First, if you haven’t been driven away from myspace by rabid marketing bulletins, there’s the Save Lucky Louie myspace page which is pretty good about co-ordinating the efforts. Add it to your top 8, 12, 16, 20, 1000.
There’s also an online petition, which has over 6,000 signatures so far. If you go back a ways you’ll even see other comics have signed the petition themselves.
And folks can also write HBO directly about Lucky Louie. As co-star Jim Norton said: “They’re a big company but they aren’t deaf.” Just don’t call them assholes for cancelling it the first place. Be passionate but polite.
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One of the reasons why I don’t care for comedies about Hollywood anymore is that the humor cannot match the ridiculousness taking place behind the scenes. Take NBC’s upcoming 30 Rock. It was a recently announced that Rachel Dratch would no longer be appearing as the lead of “The Girlie Show” - the show within the show. Instead she would appear as different characters each week, supposedly to take advantage of her sketch comedy chops. In conjunction, they mentioned that the character she was to play had been downgraded - even cut according to some reports.
Of course, soon after an announcement came that Jane Krakowski was joining the cast to play the character that Rachel Dratch once played in the pilot. A character that was just announced in the trades to have reduced importance - not exactly an inducement to any semi-name actress.
Yesterday, The Sound of Young America’s Jesse Thorn rightfully called bullshit. I second that I smell it too. His implication is that attractiveness is an issue here, and Dratch is being pushed aside for someone less funny but more appealing. I can see it this way, but I’ll also volunteer that perhaps the role has been reduced and Krakowski didn’t know when she took it. I think the first is more likely, but I’ll consider that Dratch might not be the one, well, getting the shaft here.
The irony: “Girlie Show” - the show within a show - is a more female friendly sketch comedy until a network exec, played by Alec Baldwin, monkeys with it. Pushing aside a talented, funny player for someone considered more attractive and demographically appealing is exactly what that character does. In the pilot script I read, Tina Fey’s character Liz Lemon only brings on an crazed African-American comedian on the show not only in hopes of saving the lead’s job but to have a hit show that makes enough money so she won’t ever have to change her own child’s diapers. Why make TV making fun of devil’s bargains if you’re going to engage in them yourself?
Some of the treasures to be found are Gervais’ more British influences. And as someone who consider himself “a cult comedian who got more famous than he should have,” there’s a lot of material there. The most curious to me was Derek and Clive, the alter egos that Dudley Moore and Peter Cook took for a series of recordings in the 1970s that started as an incredibly filthy private joke that became so widely bootlegged that they actually ended up releasing them (Gervais mentions bootlegging them himself). According to the wikipedia entry on the pair the recording of Ad Nauseam features a rant about the death of Peter Cook’s father from cancer delivered with full knowledge that Dudley Moore’s father was dying of cancer. I’m intensely curious and can’t wait to hear them. Sadly the first Derek and Clive Live (Gervais’ favorite comedy album) doesn’t seem to be available over Amazon so you’ll have to be a Acquisition-enabled Gervais to get it.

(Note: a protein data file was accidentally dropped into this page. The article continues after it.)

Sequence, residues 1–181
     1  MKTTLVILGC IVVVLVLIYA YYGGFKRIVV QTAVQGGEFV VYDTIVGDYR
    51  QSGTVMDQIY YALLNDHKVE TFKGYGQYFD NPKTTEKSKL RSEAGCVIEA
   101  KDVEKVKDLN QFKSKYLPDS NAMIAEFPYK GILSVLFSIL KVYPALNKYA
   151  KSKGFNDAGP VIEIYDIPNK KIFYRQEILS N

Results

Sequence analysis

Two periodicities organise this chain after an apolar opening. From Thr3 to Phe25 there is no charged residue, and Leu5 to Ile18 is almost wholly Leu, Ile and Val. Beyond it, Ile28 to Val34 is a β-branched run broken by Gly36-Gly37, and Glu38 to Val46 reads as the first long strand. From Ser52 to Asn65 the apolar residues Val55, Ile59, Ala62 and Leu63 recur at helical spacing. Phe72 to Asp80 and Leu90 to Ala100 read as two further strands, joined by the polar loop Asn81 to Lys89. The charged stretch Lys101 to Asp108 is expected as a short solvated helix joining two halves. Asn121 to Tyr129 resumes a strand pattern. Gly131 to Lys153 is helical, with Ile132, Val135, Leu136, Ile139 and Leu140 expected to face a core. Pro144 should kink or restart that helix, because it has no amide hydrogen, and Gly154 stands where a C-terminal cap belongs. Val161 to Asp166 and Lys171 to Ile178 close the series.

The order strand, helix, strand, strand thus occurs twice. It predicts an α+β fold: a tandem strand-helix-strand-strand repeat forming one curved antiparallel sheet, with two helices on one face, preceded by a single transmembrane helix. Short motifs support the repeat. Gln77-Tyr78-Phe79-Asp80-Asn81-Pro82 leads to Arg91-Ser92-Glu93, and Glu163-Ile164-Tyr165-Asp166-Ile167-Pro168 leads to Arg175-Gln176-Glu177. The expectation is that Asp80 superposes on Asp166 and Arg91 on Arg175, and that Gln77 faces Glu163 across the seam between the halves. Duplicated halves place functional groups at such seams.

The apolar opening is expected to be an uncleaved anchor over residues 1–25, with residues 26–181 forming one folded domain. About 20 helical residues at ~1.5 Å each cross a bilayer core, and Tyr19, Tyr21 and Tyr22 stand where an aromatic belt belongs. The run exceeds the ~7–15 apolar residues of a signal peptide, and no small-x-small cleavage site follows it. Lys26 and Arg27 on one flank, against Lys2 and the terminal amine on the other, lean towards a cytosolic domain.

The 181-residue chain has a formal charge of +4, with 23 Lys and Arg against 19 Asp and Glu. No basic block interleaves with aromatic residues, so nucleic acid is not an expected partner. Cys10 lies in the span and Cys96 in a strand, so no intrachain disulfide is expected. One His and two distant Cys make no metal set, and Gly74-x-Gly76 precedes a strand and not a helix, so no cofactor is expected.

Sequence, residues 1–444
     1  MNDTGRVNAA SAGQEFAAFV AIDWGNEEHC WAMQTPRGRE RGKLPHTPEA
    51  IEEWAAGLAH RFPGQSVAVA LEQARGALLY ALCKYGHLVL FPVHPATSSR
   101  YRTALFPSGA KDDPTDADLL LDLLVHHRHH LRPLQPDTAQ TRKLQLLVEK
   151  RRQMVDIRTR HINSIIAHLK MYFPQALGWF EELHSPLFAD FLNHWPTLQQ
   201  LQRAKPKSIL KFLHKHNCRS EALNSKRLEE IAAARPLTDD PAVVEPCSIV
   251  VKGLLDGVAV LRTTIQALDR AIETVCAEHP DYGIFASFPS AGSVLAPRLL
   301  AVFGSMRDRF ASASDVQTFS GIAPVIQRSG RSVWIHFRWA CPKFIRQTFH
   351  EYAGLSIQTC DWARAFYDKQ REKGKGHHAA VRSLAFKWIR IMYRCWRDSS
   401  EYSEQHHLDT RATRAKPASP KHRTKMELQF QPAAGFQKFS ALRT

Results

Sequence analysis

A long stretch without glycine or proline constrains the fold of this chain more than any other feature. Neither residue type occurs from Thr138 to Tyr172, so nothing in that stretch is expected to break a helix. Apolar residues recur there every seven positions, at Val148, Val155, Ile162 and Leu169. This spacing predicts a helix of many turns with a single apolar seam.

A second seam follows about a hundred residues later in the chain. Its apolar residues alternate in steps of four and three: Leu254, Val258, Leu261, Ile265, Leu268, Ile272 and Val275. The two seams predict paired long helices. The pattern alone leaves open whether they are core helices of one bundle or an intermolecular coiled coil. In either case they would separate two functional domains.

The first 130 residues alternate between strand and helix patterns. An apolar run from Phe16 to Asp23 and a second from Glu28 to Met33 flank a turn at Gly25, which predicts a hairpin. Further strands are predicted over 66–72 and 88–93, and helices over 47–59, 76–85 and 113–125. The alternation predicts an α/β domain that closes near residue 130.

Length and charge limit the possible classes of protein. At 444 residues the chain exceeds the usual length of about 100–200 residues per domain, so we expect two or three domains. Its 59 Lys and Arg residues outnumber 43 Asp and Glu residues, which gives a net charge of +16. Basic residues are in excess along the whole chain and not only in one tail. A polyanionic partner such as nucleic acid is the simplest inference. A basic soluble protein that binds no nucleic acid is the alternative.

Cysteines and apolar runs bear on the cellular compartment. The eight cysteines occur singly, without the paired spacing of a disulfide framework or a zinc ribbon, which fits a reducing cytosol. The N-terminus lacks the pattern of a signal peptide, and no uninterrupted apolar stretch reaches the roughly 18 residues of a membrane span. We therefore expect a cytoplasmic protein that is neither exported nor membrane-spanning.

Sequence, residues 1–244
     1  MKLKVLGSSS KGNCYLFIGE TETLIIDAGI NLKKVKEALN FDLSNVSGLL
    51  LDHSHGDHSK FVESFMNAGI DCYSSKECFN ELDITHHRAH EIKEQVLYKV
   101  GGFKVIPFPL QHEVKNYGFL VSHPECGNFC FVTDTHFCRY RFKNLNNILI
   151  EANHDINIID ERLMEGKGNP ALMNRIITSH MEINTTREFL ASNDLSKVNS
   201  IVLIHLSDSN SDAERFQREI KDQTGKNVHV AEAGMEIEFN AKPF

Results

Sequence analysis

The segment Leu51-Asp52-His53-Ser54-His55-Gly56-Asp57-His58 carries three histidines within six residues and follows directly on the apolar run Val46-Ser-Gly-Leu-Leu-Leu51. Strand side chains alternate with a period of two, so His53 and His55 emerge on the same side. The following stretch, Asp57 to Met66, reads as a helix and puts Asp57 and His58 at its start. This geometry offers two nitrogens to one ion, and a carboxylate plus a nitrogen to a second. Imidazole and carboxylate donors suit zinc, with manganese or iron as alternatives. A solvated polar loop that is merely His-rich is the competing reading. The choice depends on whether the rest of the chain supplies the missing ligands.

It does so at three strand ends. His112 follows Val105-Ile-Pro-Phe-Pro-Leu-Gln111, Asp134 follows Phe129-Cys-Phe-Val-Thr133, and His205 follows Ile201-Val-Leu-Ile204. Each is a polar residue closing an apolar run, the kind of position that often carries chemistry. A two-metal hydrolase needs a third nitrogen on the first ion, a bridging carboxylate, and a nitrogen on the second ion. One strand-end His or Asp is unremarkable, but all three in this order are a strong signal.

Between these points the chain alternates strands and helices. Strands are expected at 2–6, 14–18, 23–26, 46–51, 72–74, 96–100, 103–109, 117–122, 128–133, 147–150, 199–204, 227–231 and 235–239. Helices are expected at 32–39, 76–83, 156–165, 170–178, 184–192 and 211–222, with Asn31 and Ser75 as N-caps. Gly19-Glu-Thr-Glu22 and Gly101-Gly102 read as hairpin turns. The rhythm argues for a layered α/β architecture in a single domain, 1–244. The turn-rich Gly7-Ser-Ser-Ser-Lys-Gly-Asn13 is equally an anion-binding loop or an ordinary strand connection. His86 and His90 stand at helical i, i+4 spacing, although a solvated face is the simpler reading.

The second point of interest to me was Gervais’ intention to never do the wonderful series concluding The Office Special. His gateway to creating the special was to acknowledge the reality that there was a documentary crew filming the characters and proceeding from there (leading to David Brent as Austin Powers at a pub appearance, something that will crush any wayward desires to ever yell “Yea Baby!” again). It specifically made me think about the American Office and how, if ever, they should address the camera’s effects on the employees of Dunder Mifflin. If you keep to the reality of it being a serialized documentary, the season ending kiss with Pam and Jim should certainly affect Pam’s impending wedding. As the characters begin to acknowledge the cameras with glances and occasional short conversations more and more, it might be a question they have to deal with. I’d hate to see the show become about reality entertainment however (though Steve Carell’s Michael Scott’s willingness to extend his fame might be hysterical to watch). It may be one of those things best swept under the carpet, particularly because once you open that particular box, you have to keep on dealing with it. But since Gervais used it so brilliantly I wonder how Executive Producer Greg Daniels and crew could handle it.
(BTW, you should really pick up Stop Smiling anyway. It’s a great mag and if you’re a Withnail and I fan, there’s an interview with Bruce Robinson as well.)